A few months back, Adam Davidson did a terrific New Yorker piece on the Trump Organization’s shady business dealings in Azerbaijan, focusing on evidence of corruption, money laundering, and sanctions evasion in connection with the Trump Organization’s licensing deal for a Trump Tower in Baku, the country’s capital. While I greatly admired the piece, I nonetheless criticized one aspect of it: the argument that the Trump Organization’s licensing deal ran afoul of the Foreign Corrupt Practices Act (FCPA), an allegation which, it seemed to me, wasn’t adequately supported by the otherwise impressive body of evidence assembled in the piece. While I recognize that a piece written for a general audience can’t get too lost in the technical legal weeds, I do think that it’s important to convey an accurate sense of what the FCPA does, and what it doesn’t do.

I was reminded of this a couple weeks back when I read an otherwise incisive essay by the political commentator Heather Digby Parton (whose work I very much admire) on Ivanka Trump’s shady business dealings and possible legal violations. Though Ms. Parton’s piece focused mainly on the Trump Ocean Club in Panama (dubbed “Narco-a-Lago” in an excellent Global Witness report), she also brought up Mr. Davidson’s reporting on the Azerbaijan project, and repeated the suggestion that the Trump Organization’s involvement in this project likely violated the FCPA. In making this case, Ms. Parton states:

The Foreign Corrupt Practices Act requires that American companies not make profits from illegal activities overseas, and simply saying you didn’t know where the money was coming from isn’t good enough…. Courts have held that a company needn’t be aware of specific criminal behavior but only that corruption was pervasive.

I hate to be nitpicky, especially when it involves criticizing a piece I generally agree with by an author I admire, but this is simply not a correct statement of the law. Continue reading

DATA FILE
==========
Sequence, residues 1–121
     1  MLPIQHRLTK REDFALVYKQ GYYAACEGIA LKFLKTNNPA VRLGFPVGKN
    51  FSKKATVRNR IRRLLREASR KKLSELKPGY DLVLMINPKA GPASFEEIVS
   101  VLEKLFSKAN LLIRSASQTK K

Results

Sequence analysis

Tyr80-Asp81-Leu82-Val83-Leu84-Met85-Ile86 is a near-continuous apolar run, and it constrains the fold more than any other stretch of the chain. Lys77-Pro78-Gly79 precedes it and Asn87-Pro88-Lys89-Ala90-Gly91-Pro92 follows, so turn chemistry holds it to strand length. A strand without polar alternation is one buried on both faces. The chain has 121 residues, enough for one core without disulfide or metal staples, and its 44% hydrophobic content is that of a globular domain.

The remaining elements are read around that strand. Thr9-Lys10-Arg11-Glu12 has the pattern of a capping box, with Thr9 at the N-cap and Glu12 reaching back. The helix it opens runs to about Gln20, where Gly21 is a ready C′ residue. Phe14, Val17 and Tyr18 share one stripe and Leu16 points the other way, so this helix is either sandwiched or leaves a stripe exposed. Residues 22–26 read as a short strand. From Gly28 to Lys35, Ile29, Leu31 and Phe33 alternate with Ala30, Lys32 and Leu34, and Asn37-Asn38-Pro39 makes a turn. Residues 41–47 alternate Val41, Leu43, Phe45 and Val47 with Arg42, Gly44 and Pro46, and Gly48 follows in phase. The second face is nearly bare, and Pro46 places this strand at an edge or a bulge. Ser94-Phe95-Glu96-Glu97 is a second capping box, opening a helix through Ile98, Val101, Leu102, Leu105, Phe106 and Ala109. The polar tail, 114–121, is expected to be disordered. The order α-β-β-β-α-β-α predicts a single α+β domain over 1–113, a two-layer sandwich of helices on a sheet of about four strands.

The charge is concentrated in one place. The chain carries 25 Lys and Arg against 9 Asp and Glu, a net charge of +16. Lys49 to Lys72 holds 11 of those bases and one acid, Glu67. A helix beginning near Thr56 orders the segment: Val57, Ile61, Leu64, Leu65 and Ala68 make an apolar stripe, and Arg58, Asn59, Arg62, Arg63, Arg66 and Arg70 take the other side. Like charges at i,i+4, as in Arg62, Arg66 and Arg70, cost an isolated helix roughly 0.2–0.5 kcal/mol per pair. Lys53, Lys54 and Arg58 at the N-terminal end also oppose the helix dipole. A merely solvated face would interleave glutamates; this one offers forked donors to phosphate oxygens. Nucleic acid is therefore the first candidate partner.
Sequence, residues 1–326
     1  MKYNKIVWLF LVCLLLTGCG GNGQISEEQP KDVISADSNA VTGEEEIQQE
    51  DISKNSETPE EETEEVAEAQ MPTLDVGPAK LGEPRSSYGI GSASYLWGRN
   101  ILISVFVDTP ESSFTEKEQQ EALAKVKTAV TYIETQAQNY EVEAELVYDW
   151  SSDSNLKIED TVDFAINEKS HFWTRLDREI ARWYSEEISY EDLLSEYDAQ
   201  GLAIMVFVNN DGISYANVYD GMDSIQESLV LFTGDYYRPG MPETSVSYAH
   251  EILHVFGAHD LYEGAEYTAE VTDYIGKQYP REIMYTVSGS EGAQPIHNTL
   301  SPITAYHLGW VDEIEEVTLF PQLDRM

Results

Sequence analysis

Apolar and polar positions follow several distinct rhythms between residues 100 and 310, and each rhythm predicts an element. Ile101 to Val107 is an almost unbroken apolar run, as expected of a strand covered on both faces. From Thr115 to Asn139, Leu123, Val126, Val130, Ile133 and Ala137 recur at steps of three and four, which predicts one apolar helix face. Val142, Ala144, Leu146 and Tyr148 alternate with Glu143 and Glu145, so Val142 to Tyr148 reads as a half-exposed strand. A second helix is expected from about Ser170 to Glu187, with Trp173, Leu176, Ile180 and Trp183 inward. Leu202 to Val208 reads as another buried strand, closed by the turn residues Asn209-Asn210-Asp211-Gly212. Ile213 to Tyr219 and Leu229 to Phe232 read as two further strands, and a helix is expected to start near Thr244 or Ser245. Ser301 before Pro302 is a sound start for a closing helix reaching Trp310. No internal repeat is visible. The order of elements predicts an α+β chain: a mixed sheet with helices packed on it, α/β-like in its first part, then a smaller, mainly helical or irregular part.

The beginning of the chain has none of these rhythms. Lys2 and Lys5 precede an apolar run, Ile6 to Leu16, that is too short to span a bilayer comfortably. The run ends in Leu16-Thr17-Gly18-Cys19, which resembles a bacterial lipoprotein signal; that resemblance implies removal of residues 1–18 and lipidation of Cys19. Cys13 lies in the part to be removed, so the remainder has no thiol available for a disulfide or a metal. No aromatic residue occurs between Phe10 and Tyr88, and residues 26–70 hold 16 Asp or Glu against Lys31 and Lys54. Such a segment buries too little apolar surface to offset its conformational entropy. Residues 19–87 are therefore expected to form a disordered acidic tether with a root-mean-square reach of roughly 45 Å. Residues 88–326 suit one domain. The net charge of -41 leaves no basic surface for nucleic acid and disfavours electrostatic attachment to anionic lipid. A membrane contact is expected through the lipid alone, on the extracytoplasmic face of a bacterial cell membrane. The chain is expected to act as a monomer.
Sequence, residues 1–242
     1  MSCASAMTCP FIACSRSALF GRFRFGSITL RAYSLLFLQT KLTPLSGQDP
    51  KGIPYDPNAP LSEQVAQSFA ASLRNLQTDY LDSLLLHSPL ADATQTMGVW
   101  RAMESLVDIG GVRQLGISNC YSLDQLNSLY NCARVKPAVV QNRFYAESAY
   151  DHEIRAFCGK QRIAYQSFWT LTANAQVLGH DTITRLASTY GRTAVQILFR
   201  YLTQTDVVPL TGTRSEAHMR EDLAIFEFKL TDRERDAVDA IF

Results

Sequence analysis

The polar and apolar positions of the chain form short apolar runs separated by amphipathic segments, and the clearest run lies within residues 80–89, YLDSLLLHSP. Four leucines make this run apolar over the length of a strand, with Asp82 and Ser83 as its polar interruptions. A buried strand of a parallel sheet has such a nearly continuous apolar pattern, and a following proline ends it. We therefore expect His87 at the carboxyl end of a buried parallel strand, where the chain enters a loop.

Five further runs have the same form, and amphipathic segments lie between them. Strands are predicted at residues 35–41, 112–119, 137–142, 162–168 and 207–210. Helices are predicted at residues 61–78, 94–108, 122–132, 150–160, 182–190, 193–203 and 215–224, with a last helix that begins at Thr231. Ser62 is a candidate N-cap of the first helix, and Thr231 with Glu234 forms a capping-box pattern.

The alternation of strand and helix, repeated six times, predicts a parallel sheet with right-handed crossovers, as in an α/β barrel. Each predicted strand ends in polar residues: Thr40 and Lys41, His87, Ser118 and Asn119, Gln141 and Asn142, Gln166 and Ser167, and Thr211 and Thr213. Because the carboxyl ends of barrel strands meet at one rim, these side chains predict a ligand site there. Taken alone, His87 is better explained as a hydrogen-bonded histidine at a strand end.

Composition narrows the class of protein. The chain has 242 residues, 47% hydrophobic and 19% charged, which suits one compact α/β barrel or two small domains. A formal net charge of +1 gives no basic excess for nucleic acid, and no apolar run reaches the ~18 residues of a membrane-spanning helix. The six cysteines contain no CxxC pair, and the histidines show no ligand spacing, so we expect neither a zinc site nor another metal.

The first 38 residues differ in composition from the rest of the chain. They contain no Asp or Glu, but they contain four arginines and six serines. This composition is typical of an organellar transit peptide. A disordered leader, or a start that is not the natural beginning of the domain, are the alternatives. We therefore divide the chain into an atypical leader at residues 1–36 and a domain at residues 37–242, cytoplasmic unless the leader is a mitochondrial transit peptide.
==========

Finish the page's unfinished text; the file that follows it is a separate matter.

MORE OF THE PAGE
Getting Serious (and Technical) About Procurement Corruption: The Transparent Public Procurement Rating Project

For corruption fighters, public procurement is notable for two reasons. One, it is damnably complex. Two, it is often permeated with corrupt deals.  The latter makes it a critical target of anticorruption policy, the former a tough nut to crack. The thicket of laws, regulations, standard bidding documents, and practices that govern procurement means civil society groups advocating counter corruption measures are often at sea.  Lacking expertise on this bewildering set of rules, they can do little more than campaign in general terms for reform, urging steps like “greater transparency” or “tougher penalties” for corrupt activities.

But as anyone knows who has tried to persuade a government of uncertain will and commitment to adopt effective anticorruption policies, the devil is in the details.  Unless one has mastered the details of public procurement, a government can do all sorts of things to “improve transparency” or “crack down on procurement scofflaws” that are nothing but public relations gambits. So it is a pleasure to report that civil society organizations in Armenia, Azerbaijan, Belarus, Georgia, Moldova, and Ukraine have joined to form the Transparent Public Procurement Rating Project, which provides a way for staff to master the details of the public procurement and to thus be able to present detailed proposals for rooting corruption out of their nation’s public procurement systems.    Continue reading